Vermont town discusses setback requirements for slate quarries

Kerry Clines

February 9, 2018

Photo: Robert Layman/staff photo.

On Monday, Jan. 29, 2018, the Poultney (Vt.) Planning Commission met with local slate-quarry operations to discuss zoning amendments and try to reach an agreement on setback requirements, the Rutland Herald reports. Current zoning regulations require a “‘200-foot setback of all pits, dumps, and buildings to any residential building or property line.”

The slate industry feels that 200 feet is too much and presented a proposal suggesting a 40-foot setback for all quarries not exempt by 1995 legislation, which is the standard for certain activities in the area. Act 250, criterion 10, states that for a quarry to apply for a permit to operate, the quarry must adhere to the town plan and zoning laws, unless the quarry falls under the 1995 special-interest legislation.

“The law says that if you registered your quarry by a date Jan. 1, 1997, then your quarry would be exempt from act 250 forever,” Bill Burke, coordinator for the District 1 Environmental Commission, which reviews Act 250 projects, said during the meeting, according to the news agency. Any quarries that are “grandfathered” in, would not be subject to requirements on the depth of the quarry, how it affects wells, what the explosive weight needs to be, and other provisions of Act 250 land use, he said.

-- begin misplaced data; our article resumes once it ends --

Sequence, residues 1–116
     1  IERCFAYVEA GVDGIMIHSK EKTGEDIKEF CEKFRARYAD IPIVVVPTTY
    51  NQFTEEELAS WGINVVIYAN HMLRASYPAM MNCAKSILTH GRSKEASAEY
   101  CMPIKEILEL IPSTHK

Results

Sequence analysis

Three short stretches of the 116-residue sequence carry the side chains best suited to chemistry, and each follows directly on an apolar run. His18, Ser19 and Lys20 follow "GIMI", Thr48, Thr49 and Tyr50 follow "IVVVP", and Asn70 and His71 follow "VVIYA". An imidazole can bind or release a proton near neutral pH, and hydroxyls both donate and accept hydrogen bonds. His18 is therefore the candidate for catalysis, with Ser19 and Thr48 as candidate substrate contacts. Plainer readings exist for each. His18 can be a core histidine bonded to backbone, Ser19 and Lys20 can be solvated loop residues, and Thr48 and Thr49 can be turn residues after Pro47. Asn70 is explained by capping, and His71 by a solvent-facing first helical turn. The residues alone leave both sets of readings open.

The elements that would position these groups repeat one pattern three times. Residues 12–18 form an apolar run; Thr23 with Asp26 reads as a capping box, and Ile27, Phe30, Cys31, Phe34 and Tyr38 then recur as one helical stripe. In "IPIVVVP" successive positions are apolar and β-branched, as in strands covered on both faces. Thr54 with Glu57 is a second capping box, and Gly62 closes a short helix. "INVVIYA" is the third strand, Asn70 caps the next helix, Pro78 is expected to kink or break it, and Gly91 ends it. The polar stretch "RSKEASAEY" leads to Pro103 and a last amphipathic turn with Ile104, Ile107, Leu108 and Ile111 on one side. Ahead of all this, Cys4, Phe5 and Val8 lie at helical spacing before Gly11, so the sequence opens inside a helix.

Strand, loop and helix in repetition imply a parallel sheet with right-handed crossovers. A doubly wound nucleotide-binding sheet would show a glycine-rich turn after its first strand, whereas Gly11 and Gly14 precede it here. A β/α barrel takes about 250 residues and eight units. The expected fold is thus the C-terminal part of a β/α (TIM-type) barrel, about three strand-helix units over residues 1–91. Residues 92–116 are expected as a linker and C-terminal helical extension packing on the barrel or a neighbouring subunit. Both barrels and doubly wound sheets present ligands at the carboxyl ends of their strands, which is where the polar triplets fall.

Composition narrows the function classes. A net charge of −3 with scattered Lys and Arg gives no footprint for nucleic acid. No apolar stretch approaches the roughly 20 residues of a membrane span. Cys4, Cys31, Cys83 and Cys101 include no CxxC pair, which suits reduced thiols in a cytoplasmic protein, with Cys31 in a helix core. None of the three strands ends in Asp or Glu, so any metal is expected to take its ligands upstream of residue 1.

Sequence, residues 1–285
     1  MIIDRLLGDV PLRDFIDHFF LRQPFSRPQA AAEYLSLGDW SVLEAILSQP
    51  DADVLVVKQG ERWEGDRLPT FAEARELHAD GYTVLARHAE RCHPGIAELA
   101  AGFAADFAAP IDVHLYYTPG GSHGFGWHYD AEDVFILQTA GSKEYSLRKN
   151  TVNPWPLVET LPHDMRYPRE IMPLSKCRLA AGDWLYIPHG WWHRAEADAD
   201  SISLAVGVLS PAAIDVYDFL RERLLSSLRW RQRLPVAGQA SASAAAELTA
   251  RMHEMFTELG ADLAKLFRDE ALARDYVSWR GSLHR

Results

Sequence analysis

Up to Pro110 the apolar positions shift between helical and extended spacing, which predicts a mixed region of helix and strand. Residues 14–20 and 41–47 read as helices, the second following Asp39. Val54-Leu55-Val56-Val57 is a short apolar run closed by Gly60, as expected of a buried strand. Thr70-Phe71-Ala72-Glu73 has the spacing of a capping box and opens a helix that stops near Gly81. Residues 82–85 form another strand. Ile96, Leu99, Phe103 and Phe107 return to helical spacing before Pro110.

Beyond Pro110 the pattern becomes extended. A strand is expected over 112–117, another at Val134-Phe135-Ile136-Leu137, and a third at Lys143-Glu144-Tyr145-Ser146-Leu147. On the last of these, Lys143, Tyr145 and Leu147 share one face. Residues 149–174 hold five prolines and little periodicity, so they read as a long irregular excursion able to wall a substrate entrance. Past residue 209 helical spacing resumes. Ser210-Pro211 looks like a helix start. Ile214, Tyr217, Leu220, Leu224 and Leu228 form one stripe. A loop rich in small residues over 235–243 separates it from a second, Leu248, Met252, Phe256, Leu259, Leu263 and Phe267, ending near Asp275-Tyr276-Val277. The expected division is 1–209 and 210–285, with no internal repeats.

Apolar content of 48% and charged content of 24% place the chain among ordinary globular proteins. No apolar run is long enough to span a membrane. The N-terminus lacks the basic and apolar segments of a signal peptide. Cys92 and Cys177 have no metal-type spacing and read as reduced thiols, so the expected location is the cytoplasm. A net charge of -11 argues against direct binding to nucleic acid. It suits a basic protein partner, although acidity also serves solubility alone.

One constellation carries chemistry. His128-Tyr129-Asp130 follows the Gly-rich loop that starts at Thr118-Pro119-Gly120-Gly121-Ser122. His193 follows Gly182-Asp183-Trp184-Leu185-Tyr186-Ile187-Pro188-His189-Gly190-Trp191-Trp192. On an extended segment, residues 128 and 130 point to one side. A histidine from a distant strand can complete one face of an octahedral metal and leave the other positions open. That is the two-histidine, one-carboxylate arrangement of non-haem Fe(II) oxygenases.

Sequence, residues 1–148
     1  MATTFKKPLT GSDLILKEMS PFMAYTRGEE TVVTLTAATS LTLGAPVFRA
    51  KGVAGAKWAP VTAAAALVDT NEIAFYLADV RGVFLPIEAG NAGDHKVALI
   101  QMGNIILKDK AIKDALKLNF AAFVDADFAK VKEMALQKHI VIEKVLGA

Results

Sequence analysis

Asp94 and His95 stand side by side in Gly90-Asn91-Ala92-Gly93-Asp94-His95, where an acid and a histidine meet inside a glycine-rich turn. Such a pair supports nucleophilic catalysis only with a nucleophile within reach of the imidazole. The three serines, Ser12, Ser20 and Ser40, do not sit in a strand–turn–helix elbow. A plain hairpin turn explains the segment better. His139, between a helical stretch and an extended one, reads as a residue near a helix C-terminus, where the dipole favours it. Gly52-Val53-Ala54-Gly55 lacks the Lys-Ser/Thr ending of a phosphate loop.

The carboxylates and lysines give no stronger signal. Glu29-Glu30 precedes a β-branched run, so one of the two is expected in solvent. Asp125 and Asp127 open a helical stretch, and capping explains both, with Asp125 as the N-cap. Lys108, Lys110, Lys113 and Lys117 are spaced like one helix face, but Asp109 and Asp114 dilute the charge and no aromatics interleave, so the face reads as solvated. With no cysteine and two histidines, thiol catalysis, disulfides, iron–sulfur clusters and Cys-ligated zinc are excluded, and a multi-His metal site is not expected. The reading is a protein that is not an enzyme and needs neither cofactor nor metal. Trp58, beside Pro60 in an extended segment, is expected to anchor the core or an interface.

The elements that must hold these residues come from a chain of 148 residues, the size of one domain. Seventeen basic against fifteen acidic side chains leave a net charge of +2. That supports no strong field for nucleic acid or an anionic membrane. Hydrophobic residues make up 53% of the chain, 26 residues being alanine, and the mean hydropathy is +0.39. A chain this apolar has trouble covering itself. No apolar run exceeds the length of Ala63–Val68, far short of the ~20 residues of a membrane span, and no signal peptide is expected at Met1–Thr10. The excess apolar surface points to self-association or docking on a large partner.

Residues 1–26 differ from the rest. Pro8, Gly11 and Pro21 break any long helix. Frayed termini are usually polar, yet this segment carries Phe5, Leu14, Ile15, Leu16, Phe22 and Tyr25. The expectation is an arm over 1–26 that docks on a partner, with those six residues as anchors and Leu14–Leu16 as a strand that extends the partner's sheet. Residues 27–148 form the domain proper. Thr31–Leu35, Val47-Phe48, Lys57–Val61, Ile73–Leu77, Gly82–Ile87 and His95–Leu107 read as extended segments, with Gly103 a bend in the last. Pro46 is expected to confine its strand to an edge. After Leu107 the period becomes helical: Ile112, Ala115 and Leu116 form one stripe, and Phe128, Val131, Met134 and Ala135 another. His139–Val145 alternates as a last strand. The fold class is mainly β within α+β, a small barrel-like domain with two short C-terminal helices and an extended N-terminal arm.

Slate industry representatives asked if the 200-foot buffer requirement applied to a residential structure, or the property line itself. “The language wasn’t clear,” Jonathan Hill of Greenstone Slate in Wells said during the meeting, according to the news agency. “That was unintentional, but it can be interpreted a certain way. They can create a gap that then leads to legal ramifications.” 

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The Planning Commission scheduled a follow-up meeting on Feb. 19 to consider the setback proposal. Commission Chairman Mark Teeter asked representatives of the slate quarry to contact their respective listers to find out if the buildings around their quarry properties were built before the quarry was operational.

Neil Vreeland, attorney for the town, said the proposal could possibly be amended to accommodate pre-existing quarries. “Existing quarries have a lot of grandfathering potential,” he said during the meeting, according to the news agency. “The way the proposal is written, it falls under conditional use.”

The Planning Commission did not reach a consensus on what a reasonable setback for slate quarry operations.

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